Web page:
Every week from the beginning of the year I have tried to shorten my posts, mark fewer words of interest. I fail. I can't help it. This exercise of reading the dang dictionary (which itself is a truncated, clipped version of the larger English language) has shown me how wondrously ignorant I am. It's nice to feel slightly less ignorant every week. But only very slightly. The frequency and variety of perennial herbs alone gets me every time.
To be a skank is not necessarily to be skanky. An important distinction. Also, a shout-out to the 2014 Grace Hopper Celebration of Women in Computer, happening now—and totally sold out. See streaming of some sessions here.
One word that caught my attention this week was savant, "a man of profound learning." I protest that only men can be profoundly learned! Rudery! The same definition is also in the new Scrabble Dictionary, which is a little disappointing.
We're just beginning to hear the sarsar of Montreal again . . . and I'm admittedly not really looking forward to it. This week marks the 75% mark of the reading the Scrabble Dictionary!
More antelope and carriages! And a bunch of deadly things.
Short and sweet thanks to the many re- words this time. Humans do a lot of things, and then they do them again. Super profound, I know.
The quokka is WAY cuter than the quoll. I have opinions.
Short and sweet. Somebody get me a baby potto.
More about pogonip, or ice fog, because I found it interesting: it comes from Shoshone paγi̵nappi̵h, meaning, unsurprisingly, "cloud." American settlers in the early days called it the "white death," because they thought the ice crystals would kill them if it entered their lungs. Humidity has to be around 100% as the temperature drops below freezing for the ice crystals to form in the air and start to settle on things.
No, not really. I'm pleased that "gi" was finally added. But the new Official Scrabble Players Dictionary, Fifth Edition, does mean reading 5,000 extra words this year. Read more about it here (with all the attendant controversy!)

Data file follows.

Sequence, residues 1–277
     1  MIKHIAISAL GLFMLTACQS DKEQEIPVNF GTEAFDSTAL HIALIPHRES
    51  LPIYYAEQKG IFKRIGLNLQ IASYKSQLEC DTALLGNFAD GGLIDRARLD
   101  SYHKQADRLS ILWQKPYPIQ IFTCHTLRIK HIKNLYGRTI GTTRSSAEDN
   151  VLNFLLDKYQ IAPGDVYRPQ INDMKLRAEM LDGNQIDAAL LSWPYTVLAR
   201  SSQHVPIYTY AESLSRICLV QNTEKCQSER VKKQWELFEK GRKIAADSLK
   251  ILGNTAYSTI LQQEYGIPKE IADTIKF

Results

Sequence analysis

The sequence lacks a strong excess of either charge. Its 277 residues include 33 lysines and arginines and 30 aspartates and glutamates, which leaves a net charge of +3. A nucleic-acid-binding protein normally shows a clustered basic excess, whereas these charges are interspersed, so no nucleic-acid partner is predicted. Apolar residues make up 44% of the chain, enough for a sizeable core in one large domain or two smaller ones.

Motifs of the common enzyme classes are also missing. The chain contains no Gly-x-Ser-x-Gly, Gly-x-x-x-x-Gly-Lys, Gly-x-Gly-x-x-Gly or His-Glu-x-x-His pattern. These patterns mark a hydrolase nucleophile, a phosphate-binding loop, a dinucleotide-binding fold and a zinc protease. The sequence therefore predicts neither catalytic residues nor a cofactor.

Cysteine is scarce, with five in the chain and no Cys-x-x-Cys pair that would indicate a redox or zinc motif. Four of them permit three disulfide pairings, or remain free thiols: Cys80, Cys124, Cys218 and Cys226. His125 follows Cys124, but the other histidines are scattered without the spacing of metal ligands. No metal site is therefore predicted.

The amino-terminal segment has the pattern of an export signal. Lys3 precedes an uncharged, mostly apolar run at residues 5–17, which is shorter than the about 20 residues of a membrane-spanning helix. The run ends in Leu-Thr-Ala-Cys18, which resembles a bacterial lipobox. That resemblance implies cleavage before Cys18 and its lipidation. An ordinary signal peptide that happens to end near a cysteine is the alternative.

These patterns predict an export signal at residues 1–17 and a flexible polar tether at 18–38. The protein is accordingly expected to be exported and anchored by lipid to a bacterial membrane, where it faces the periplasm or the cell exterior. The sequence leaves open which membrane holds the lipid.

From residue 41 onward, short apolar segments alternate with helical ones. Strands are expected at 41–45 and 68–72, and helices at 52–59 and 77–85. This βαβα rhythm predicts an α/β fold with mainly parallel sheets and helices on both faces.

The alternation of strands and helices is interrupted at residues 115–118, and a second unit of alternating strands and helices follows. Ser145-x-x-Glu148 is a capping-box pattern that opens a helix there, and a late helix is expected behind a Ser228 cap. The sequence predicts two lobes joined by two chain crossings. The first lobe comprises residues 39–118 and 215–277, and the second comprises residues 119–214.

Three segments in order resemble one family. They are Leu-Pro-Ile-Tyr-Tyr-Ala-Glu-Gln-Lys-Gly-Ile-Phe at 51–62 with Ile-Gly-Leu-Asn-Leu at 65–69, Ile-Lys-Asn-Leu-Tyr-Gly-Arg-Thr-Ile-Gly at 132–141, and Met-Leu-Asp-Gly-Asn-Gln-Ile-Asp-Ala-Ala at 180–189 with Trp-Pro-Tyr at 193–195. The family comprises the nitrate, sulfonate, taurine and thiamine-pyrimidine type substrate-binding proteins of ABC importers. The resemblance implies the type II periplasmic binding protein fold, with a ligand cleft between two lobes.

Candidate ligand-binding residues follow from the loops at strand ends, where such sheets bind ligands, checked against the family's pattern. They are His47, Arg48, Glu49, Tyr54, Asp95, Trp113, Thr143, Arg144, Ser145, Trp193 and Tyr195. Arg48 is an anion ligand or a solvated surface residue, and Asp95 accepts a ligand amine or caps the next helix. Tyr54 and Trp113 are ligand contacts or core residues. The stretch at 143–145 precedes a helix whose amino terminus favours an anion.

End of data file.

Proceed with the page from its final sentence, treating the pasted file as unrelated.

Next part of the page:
I've ordered my copy, but I'm waiting for someone—someone who is slightly more obsessed with words than I am—to go through and publish an online list of what those 5,000 new words are, because I'm sure as heck not starting over. Plan on a few additional posts at the end of the year.
It's true that at this point in the year I'm thinking longingly of all the extra time I'll have next year, but as soon as I start reading, time doesn't matter, and the words soak into me like hot, soothing water in a tub . . . everyone has additions. There are good addictions and bad addictions. And if I gotta choose, I choose logophilia. Bring it on, Fifth Edition!
Lots of various kinds of women's clothing this week (partlet, peignoir, pelerine, peplos), but most importantly, the discovery of pleonasm: the use of needless words. Such a word is not only indicative of much of what I am doing in reading and blogging about the Scrabble Dictionary, which contains many a needless word, but pleonasm is also a semantic paradox in itself—when was the last time you needed the word pleonasm?
(These kinds of self-referential words, by the way, are part of a fascinating subset of linguistics called autological terms. Click here for a partial list. My favorite is shibboleth, since knowing the word shibboleth is a cue to other people who know the word that you are cued in)
One could also argue that there is no such thing as a pleonasm since Scrabble ensures the need of all the vocabulary you can get (minus one-lettered words and words that go beyond the availability of tiles, I suppose).
Anyway. I also had fun with pangram on Twitter.
Just one image today, for pandanus: a tropical plant. My son is eating a pandanus key in the Marshall Islands (taken 2011). You either love pandanus or hate it. I hated it, and then I loved it. It is a remarkable, very time-consuming fruit. Islanders use it not only for its critical vitamins but also to floss.